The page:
The Obama administration’s reported proposal of a 56 mpg fuel-economy mandate by 2025 sets up an inherent conflict of interest for a government that has given away hundreds of millions of federal dollars to companies manufacturing batteries for electric cars.
“Carmakers say the proposal would effectively require most new vehicles sold in the U.S. to be battery-powered by 2025 and raise prices by thousands of dollars,” reported the Wall Street Journal Monday. “Makers of electric vehicle technology say declining costs for lithium batteries will allow the auto industry to make big gains in fuel efficiency.”
Those manufacturers are dependent on huge federal infusions of cash — as well as the federal purchase of electric vehicles in order to stay in business. The Obama administration, in other words, is mandating an artificial mpg standard to guarantee a market for its investment.
“Regarding the feds and the auto industry, conflicts of interest that used to be the exception are now the rule,” says Sam Kazman of the Competitive Enterprise Institute, a longtime critic of federal fuel mandates.
Since the 2009 stimulus bill passed, Washington has “invested” over $100 billion in giant corporations to realize Obama’s dream of transforming America into a green economy. Billions have been targeted at lithium-ion auto battery suppliers including $250 million to A123 Systems, $160 million to Dow, and $150 million to LGChem — in addition to $600 million for GM, Chrysler, and Ford combined.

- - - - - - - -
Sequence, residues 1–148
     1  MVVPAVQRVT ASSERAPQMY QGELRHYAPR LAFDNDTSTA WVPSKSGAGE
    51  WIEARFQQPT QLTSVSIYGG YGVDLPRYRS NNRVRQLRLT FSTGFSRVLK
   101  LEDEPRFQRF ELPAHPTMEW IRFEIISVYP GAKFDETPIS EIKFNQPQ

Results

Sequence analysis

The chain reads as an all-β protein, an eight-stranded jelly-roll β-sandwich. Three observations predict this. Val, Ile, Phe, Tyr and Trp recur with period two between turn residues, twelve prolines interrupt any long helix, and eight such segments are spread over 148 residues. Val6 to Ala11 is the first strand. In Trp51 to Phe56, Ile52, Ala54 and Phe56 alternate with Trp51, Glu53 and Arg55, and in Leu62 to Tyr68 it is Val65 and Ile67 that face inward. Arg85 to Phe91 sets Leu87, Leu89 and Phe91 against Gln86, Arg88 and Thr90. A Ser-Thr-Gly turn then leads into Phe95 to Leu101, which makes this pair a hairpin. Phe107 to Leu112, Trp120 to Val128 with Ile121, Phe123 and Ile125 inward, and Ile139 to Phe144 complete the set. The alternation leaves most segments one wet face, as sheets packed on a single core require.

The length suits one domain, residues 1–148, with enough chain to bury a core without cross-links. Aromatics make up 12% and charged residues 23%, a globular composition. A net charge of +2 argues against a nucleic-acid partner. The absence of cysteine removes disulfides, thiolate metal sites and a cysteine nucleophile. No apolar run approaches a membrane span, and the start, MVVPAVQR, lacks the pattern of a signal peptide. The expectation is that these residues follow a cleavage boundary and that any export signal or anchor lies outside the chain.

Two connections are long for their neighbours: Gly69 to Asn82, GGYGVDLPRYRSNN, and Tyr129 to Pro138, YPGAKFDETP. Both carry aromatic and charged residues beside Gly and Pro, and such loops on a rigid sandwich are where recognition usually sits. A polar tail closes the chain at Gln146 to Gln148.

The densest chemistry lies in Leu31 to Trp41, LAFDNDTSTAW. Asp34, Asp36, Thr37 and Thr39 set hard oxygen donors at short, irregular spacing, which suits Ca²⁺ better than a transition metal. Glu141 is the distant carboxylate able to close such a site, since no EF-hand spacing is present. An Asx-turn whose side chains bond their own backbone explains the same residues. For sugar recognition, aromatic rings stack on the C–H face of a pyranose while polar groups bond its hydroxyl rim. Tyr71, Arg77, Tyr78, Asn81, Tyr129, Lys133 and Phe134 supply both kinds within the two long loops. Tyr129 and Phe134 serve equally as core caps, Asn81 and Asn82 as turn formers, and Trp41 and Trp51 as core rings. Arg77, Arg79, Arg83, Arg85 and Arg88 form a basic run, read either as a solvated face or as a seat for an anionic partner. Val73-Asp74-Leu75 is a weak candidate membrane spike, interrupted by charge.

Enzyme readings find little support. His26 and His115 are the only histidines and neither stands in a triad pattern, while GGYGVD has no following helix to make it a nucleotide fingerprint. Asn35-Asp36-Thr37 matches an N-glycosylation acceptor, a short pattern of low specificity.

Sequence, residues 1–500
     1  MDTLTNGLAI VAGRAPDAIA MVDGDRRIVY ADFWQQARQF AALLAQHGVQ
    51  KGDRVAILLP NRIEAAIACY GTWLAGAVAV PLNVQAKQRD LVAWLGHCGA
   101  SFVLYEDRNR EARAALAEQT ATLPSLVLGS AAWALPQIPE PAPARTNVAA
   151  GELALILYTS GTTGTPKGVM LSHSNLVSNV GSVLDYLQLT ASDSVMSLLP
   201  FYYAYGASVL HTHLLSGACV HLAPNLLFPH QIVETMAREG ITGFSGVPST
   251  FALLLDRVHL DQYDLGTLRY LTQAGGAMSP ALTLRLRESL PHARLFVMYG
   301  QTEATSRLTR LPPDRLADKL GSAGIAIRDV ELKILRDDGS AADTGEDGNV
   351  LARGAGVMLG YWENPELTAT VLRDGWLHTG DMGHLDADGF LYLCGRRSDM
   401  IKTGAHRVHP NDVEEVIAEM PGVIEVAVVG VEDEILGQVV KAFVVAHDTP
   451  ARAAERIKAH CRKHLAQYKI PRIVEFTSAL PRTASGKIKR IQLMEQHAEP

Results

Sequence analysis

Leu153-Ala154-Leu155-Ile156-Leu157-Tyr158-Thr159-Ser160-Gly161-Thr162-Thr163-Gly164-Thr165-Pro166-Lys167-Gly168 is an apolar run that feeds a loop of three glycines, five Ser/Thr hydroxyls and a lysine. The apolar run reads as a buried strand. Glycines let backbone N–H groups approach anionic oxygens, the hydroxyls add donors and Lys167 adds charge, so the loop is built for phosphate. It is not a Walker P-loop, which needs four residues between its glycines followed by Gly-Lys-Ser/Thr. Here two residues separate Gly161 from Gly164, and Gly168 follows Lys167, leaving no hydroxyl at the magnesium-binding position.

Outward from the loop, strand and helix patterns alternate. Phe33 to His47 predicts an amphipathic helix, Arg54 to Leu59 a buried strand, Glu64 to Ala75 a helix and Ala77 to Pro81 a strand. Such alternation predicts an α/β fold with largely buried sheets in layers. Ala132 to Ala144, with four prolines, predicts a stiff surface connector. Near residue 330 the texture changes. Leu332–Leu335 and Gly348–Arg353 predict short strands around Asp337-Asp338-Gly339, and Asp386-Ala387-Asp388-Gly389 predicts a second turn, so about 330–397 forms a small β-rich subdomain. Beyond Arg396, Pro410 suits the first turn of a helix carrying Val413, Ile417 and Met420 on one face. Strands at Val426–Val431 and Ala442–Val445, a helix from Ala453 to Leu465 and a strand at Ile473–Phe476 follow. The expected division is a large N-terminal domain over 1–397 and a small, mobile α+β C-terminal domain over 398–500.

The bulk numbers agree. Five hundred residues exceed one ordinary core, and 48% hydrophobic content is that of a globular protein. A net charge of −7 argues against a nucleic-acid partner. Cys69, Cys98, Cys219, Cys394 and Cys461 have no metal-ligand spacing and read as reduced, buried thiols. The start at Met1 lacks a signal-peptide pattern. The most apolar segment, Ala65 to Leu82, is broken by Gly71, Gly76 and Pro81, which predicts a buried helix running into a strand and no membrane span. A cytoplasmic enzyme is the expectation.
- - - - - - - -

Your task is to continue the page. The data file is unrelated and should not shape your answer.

Currently, no single vehicle achieves the 56 mpg standard. Indeed, the average auto is nowhere near the mandated fleet average mpg standard of 35.5 mpg mandated by Obama in four short years. But industry insiders acknowledge that number is fictional and will be heavily subsidized by credits to companies that build electric vehicles — whether the public buys them or not.
The industry is protesting the rule, saying it would inflate vehicle prices by $6,000 or more. But automakers are also resigned to the new green authoritarianism and have vigorously sought taxpayer subsidies to build the cars the government wants — as well as insuring that government will buy the vehicles when they roll off the assembly line. To date, hybrid-electrics are a small niche of the market occupied mostly by wealthy, image-conscious buyers.
Already this year, Obama helped the automakers towards meeting federal standards by promising that the feds will only fill their 600,000 vehicle fleet with hybrid-electrics.